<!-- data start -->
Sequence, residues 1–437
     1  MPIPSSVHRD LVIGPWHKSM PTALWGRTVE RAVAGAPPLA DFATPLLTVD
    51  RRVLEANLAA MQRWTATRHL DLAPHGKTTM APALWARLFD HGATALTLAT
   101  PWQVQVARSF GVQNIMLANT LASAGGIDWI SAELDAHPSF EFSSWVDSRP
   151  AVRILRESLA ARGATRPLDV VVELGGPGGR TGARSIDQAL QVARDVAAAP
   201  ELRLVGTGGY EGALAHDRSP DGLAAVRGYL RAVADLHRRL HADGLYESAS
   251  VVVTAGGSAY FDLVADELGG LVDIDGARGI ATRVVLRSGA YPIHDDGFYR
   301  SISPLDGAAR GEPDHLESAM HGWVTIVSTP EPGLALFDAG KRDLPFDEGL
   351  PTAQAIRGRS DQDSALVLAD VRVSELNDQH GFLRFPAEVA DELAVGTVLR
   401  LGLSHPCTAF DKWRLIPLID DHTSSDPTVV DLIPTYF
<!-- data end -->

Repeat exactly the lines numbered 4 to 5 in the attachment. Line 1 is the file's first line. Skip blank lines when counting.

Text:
   101  PWQVQVARSF GVQNIMLANT LASAGGIDWI SAELDAHPSF EFSSWVDSRP
   151  AVRILRESLA ARGATRPLDV VVELGGPGGR TGARSIDQAL QVARDVAAAP